Director – John Harrison, Lot 249 & Lover’s Vow Written by Michael McDowell, Cat from Hell written by George A. Romero, Lot 249 Based on the Short Story by Sir Arthur Conan Doyle, Cat from Hell Based on the Short Story by Stephen King, Producers – Mitchell Galin & Richard P. Rubinstein, Photography – Ron Draper, Music – John Harrison (Lover’s Vow), Chaz Jankel (Cat from Hell), Jim Manzie & Pat Regan (Lot 249) & Donald P. Rubinstein (Wraparound Story), Visual Effects – Ernest Farino, Special Effects Supervisor – Drew Jiritano, Makeup Effects – KNB EFX Inc (Supervisors – Howard Berger, Robert Kurtzman & Greg Nicotero), Makeup Consultant – Dick Smith, Production Design – Ruth Ammon. Production Company – Paramount/J&M Entertainment.
Wraparound Story:– Deborah Harry (Betty), Matthew Lawrence (Timmy). Lot 249:– Christian Slater (Andy Smith), Steve Buscemi (Edward Bellingham), Julianne Moore (Susan Smith), Robert Sedgwick (Lee Motkin). Cat from Hell:– David Johansen (Halston), William Hickey (Drogan). Lover’s Vow:– James Remar (James Preston), Rae Dawn Chong (Carola), Robert Klein (Wyatt)
A suburban witch prepares to cook a young buy for an upcoming dinner party. In the hopes of staving off his fate, he reads her some stories from her favourite childhood book ‘Tales from the Darkside’. Lot 249:– When a jock and his girlfriend cheat a bright nerd of a scholarship that is rightfully his, he takes revenge by reviving a mummy to kill them. Cat from Hell:– The reclusive pharmaceuticals billionaire Drogan hires the hitman Halston to kill a supernatural cat that is haunting him in revenge for all the cats he killed to test his products. Lover’s Vow:– A failed artist encounters a demon and makes a pact with it to spare him so long as he tells no-one what it looks like. Soon afterwards, he and a beautiful woman fall in love. Eventually though, keeping his secret becomes too much.
George Romero, the director of Night of the Living Dead (1968), and his then production company Laurel Films have always had more than a passing interest in the horror anthology, beginning with Romero’s Creepshow (1982). Romero and Laurel followed this with Creepshow II (1987) then ventured into television with the tv anthology series Tales from the Darkside (1983-6) and its follow up Monsters (1988-9). For a time, Laurel seemed on the verge of turning into a latter-day Amicus Pictures – indeed, their ability to tell the stories with a healthy dose of black humour made them far better at capturing the essence of the old EC stories than Amicus’s EC adaptations ever were.
Tales from the Darkside: The Movie was a film spinoff of the Tales from the Darkside series. It was directed by John Harrison who had worked on various aspects of Laurel’s production as an actor – he was the zombie that received a screwdriver in the ear in Dawn of the Dead (1978) – and assistant director, who wrote the score for Romero’s Creepshow and Day of the Dead (1985) and directed a number of episodes of the tv Tales from the Darkside before making his cinematic debut here.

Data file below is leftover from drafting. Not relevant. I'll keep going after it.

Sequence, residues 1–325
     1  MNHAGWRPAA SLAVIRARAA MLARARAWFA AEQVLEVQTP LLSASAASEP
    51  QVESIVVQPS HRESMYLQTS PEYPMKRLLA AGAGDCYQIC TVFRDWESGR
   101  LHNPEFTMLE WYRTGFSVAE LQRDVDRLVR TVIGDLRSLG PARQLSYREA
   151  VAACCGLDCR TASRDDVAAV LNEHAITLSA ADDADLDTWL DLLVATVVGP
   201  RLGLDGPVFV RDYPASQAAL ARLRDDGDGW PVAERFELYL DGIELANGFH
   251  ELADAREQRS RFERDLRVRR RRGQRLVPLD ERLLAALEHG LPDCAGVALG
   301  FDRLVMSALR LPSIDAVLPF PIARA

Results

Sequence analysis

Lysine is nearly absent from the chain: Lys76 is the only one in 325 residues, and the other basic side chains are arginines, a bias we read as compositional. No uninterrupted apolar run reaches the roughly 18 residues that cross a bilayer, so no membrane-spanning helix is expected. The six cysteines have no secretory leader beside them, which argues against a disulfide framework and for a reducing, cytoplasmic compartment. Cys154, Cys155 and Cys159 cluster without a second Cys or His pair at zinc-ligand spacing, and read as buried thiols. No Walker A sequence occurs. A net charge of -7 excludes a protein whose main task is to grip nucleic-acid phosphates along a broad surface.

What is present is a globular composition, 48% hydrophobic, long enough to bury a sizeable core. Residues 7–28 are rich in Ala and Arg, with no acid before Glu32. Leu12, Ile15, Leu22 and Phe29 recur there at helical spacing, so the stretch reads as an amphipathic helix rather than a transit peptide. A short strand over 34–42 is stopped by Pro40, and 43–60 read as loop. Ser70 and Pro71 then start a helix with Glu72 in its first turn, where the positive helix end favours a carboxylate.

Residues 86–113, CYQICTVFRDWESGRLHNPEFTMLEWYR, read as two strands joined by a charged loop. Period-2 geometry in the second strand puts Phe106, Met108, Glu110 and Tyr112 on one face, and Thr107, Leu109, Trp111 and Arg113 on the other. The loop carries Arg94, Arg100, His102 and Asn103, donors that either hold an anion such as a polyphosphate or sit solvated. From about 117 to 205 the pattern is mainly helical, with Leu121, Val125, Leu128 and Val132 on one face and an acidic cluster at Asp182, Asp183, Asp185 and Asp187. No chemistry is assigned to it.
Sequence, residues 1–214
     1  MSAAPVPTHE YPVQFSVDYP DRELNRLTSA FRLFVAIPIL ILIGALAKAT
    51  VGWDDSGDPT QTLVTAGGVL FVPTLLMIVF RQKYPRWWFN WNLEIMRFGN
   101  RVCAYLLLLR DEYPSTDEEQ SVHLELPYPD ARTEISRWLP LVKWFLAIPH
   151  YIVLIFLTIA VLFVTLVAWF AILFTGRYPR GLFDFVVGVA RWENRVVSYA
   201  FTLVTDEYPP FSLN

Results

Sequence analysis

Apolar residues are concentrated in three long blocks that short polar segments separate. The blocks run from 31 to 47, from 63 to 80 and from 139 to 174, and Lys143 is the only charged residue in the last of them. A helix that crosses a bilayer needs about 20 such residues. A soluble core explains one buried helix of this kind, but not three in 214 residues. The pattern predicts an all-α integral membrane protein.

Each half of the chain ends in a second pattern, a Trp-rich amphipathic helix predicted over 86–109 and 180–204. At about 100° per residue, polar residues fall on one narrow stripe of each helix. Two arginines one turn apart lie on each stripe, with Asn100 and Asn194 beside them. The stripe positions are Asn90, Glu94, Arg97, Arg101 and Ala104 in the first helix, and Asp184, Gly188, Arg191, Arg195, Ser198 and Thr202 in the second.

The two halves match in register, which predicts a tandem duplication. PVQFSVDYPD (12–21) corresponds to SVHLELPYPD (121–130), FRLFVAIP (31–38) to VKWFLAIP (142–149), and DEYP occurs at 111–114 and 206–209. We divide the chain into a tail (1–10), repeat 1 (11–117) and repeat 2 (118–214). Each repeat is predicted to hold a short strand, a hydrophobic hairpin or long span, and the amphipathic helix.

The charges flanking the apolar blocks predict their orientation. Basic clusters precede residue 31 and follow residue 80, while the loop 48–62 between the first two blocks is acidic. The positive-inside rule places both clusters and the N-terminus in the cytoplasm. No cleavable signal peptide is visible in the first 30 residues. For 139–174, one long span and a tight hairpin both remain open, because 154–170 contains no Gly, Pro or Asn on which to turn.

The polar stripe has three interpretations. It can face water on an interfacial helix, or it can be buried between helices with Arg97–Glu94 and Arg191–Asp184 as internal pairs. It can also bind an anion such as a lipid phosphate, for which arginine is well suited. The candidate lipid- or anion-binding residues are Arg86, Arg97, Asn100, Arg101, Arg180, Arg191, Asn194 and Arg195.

Since Tales from the Darkside: The Movie, John Harrison has maintained a livelihood as a director on various television series. His most notable work has been the screenplay for Disney’s Dinosaur (2000) and directing-writing the tv mini-series adaptation of Frank Herbert’s Dune (2000). Harrison also wrote the follow-up mini-series Children of Dune (2003), directed the disaster mini-series Supernova (2005), wrote the superheroine tv movie Painkiller Jane (2005) and wrote/directed Book of Blood (2009), based on stories by Clive Barker.
Tales from the Darkside: The Movie is a surprisingly well made film, certainly undeserving of the poor distribution it received when it came out. The stories are wittily told, especially the linking story, which comes with droll images of broomsticks placed in the background of the house and matter-of-fact discussions on the correct means of cooking a boy. The film has an extraordinarily beautiful lighting scheme (one of the features of John Harrison’s directorial works) – there is an amazingly sensual love sequence all lit in blue in the third episode. During the second segment there are some breathtaking cuts between blue-toned flashback and normal lit present-day, with characters walking between the two all in the space of a single shot.
The film also features a fine cast – William Hickey has a good deal of fun as the reclusive millionaire in the second segment, and in the third Rae Dawn Chong comes across as a genuinely warm and sensitive character that helps annul a predictable ending that can be seen well in advance – not to mention being blatantly stolen from the Snow Woman segment in Kwaidan (1964).
There are also some exceptional makeup effects on display. The mummy is very well done, which makes for a highly entertaining climax to the first episode with shots of Christian Slater chopping it up with an electric carving knife – scenes that actually create sympathy for the poor pathetically crawling mummy. The demon transformation is good, as is the grotesque effect of the cat forcing its way down David Johansen’s throat at the end of the second story.